Honorary Guest Professor

Joel Emer

Senior Distinguished Research Scientist, Nvidia Research
Professor of the Practice, Massachusetts Institute of Technology (MIT)
Email: emer at csail.mit.edu
Areas of Study: Architecture


Joel Emer is Senior Distinguished Research Scientist at Nvidia Research and a Professor of the Practice in the Computer Science and Electrical Engineering department at MIT. Previously he worked at Intel, Compaq and Digital Equipment Corporation where he held various research and advanced development positions investigating processor microarchitecture for a variety of VAX and Alpha processors and developing performance modeling and evaluation techniques. He has made research contributions in simultaneous multithreading, processor pipeline organization, cache design, memory dependence prediction, performance modeling methodologies, analysis of the architectural impact of soft errors and early contributions to the now pervasive quantitative approach to processor evaluation. His current research interests include memory hierarchy design, processor reliability, reconfigurable logic-based computation and performance modeling.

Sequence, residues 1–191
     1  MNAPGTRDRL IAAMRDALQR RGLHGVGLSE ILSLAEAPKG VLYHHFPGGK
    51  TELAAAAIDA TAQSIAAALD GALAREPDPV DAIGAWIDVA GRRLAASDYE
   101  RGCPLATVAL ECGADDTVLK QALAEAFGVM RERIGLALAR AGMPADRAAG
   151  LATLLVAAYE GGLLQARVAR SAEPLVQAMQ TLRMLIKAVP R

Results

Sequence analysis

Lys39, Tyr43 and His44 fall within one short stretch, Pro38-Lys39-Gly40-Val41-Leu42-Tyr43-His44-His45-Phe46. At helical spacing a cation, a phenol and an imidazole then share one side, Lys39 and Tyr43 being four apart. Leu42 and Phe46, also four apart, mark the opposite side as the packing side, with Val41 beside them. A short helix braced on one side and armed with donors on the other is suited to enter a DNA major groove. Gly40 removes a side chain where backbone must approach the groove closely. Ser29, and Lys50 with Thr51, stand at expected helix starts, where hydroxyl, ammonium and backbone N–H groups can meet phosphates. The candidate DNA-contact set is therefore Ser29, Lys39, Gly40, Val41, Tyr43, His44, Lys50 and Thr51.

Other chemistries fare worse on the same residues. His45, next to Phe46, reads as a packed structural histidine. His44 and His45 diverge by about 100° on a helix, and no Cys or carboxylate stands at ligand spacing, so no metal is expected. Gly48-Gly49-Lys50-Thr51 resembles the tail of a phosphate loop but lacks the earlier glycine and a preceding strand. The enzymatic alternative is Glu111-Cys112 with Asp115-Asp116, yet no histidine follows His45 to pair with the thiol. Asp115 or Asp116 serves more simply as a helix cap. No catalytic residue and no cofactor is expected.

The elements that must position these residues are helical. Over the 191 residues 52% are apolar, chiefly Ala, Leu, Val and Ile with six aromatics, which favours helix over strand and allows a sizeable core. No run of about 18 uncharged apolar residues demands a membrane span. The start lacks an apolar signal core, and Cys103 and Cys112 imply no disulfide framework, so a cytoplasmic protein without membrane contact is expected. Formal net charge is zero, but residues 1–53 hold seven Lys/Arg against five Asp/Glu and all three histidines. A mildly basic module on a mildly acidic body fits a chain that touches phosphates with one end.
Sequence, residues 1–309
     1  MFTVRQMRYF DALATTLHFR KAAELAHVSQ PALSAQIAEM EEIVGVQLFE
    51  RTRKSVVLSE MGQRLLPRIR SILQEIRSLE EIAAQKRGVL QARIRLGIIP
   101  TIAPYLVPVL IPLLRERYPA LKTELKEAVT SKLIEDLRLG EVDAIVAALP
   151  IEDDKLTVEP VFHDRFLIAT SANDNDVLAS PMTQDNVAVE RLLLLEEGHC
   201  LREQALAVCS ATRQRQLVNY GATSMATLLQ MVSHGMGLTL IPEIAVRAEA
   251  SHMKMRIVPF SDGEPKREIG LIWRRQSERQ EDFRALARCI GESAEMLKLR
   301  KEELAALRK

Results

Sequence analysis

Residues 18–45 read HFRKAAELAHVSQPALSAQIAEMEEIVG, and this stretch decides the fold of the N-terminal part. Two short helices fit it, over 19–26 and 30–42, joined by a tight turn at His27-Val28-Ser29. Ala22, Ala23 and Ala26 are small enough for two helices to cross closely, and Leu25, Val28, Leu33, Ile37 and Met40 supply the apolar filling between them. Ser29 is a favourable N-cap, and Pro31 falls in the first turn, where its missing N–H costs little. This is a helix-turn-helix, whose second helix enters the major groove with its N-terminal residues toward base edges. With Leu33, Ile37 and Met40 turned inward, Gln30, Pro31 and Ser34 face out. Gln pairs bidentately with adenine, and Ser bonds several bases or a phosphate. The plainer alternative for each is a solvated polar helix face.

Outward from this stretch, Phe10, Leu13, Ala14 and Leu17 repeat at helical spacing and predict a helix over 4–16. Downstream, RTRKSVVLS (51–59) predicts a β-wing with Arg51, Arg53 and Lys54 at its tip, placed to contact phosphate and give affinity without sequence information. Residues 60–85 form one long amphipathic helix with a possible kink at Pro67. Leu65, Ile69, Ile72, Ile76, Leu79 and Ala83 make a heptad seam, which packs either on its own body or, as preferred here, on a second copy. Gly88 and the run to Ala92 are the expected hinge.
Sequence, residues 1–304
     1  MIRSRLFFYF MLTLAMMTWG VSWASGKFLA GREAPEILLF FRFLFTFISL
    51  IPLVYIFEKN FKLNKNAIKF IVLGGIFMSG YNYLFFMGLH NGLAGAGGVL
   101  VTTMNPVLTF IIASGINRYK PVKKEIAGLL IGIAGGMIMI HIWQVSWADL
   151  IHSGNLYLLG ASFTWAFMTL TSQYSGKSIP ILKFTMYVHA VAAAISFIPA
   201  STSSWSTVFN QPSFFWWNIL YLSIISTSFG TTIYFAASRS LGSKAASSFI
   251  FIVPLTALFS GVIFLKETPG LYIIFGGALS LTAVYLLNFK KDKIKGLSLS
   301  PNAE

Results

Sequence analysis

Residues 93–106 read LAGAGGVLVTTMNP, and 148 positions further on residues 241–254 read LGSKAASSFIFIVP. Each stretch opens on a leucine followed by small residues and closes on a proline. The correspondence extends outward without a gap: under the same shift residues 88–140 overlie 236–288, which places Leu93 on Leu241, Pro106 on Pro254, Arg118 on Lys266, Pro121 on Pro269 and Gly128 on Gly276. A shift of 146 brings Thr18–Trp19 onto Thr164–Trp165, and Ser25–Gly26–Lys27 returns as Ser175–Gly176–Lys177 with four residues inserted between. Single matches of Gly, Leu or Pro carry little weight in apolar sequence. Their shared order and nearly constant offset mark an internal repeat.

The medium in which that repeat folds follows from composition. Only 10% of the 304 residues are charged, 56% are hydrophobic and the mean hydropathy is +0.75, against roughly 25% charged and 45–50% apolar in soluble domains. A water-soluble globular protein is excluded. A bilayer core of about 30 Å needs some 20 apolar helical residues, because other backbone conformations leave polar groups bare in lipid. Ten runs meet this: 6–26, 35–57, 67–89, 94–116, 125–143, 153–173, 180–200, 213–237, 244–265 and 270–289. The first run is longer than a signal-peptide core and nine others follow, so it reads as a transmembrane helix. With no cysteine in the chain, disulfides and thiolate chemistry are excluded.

He received a bachelor's degree with highest honors in electrical engineering in 1974, and his master's degree in 1975 -- both from Purdue University. He earned a doctorate in electrical engineering from the University of Illinois in 1979. Emer holds over 25 patents and has published more than 35 papers. He is a Fellow of both the ACM and the IEEE, and was the 2009 recipient of the Eckert-Mauchly award for lifetime contributions in computer architecture.


● ACM/SIGARCH - IEEE-CS/TCCA: Most Influential Paper Award (2011)

 University of Illinois ECE Outstanding Alumini Award (2011) 

 Purdue University: Outstanding Electrical and Computer Engineer Alumni Award (2010)

 Eckert-Mauchly Award (2009)

 ACM: Fellow (2004)

 IEEE: Fellow (2004)


More information, please visit Prof. Emer's personal website.

MIT: www.csail.mit.edu/user/1060
NVIDEA: research.nvidia.com/users/joel-emer